3. I would have been the world’s greatest at whatever I did. If I were a garbage man, I’d be the world’s greatest garbage man! I’d pick up more garbage and faster than anyone has ever seen. To tell you the truth, I would have been the greatest at whatever I’d done!
If you’re going to do anything – be the greatest. Don’t be satisfied with second best. Go first class. Put 100% effort into everything you do. Don’t be slap dash. Add excellence as your secret ingredient to every task you undertake. Don’t remain a follower. Determine to be a leader.
4. To be able to give away riches is mandatory if you wish to possess them. This is the only way that you will be truly rich.
I see myself as a channel through which flows the riches that overflow in the direction of my life.
I am not a dam, nor a blocked aqueduct. I am a river – a steward of the wealth that I attract, and then dispense as directed by my heart. Therein lies a rich life.
5. I don’t have to be what anyone else wants me to be. I am free to be who I want to be.
To be me is to be free. Break all chains that seek to entangle you – whether it be parental expectations, organizational demands or societies conformities. You are unique, and in order to operate in that uniqueness you must resist conformity if you are to truly embrace your destiny.
6. Love is a net that catches hearts like a fish.
Let love do its powerful work within you. Love draws. Love attracts. Love builds. Love heals. Love captivates.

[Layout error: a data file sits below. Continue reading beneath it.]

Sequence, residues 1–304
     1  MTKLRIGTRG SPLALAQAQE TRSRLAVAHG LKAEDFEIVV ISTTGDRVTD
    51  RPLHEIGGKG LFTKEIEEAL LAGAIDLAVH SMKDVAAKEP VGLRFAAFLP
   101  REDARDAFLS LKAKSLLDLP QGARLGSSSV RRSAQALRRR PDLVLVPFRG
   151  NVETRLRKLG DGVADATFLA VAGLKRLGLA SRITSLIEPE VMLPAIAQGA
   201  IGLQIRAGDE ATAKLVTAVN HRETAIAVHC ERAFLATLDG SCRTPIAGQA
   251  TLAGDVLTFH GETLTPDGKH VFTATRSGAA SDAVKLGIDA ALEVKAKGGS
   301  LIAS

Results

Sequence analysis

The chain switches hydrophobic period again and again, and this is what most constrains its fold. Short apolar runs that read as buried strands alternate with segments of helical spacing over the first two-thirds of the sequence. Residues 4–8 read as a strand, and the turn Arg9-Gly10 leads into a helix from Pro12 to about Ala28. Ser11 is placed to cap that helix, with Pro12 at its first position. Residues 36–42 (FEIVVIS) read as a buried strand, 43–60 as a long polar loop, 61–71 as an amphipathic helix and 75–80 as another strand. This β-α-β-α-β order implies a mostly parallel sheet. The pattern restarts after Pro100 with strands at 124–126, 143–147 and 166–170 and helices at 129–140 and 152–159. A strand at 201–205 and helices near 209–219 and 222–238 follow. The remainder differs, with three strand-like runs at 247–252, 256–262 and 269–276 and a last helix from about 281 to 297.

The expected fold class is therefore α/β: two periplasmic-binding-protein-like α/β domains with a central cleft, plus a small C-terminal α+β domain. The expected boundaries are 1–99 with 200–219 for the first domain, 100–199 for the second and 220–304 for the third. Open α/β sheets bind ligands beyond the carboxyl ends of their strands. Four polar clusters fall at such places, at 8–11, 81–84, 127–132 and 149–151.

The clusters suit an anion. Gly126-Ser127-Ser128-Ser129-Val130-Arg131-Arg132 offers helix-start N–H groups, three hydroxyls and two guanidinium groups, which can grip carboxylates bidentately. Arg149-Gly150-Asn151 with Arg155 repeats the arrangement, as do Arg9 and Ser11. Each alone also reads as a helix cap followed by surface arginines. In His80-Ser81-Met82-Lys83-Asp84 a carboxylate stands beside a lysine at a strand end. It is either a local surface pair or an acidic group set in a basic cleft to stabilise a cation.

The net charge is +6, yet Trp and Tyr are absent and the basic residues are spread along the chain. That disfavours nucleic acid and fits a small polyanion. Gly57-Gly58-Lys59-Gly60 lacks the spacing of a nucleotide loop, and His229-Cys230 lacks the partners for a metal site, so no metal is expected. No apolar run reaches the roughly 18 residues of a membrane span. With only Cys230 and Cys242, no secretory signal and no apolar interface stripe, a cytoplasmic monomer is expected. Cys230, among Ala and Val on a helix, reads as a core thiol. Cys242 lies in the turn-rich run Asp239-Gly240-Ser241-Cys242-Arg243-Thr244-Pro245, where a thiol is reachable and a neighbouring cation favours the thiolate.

Love is the magnet that will pull the very best that life has to offer into your world, while at the same time act as a beacon of light and heat that will warm the hearts of generations.
7. I am riding on my horse of hope, holding in my hand the rein of courage. Dressed in the armor of patience, with the helmet of endurance on my head, I started out on my journey to the land of love.
Each of us is on a journey filled with hope – and to that hope attach courage, patience and endurance, and it will lead you to the land of love. Add faith to that combination – faith in yourself, faith in your creator, and faith in the universal law that states that as you sow in love you will reap love.
8. It isn’t the mountains ahead to climb that wear you out; it’s the pebble in your shoe.
Take time to pause a moment in order to remove any pebbles you may have picked up along the way. These can take the form of small bad habits, seeds of unforgiveness, lack of discipline, secret fears, or even devious doubts.
Pull aside, even for a moment. Address them. Deal with them. Destroy them. For many a mountaineer has fallen to their death because of an unaddressed pebble. Deal with the pebbles in your life decisively, and you will conquer many more mountaintops.
9. Wisdom is knowing when you can’t be wise.
We are human. We cannot know everything. We cannot be good at everything, for we have strengths and we have weaknesses. If you do not have the wisdom in a certain area of your life then seek out the wise and make them your friends. Together we can become all wise and all knowing.
10. Old age is just a record of one’s whole life.
What does your record look like thus far? Every day you and I breathe we are writing the next page that will be included in the volume called, ‘My life’.
Within its record will be scribbles, mistakes, smudges, scratchings, all mixed up with moments of great joy, eloquence, sadness, wisdom and folly. But by the time we reach the last page – may it end with the words, ‘I have lived a full and fulfilled life – read and learn from my mistakes – and for the rest of the success story contained – there went I, but by the grace of God.’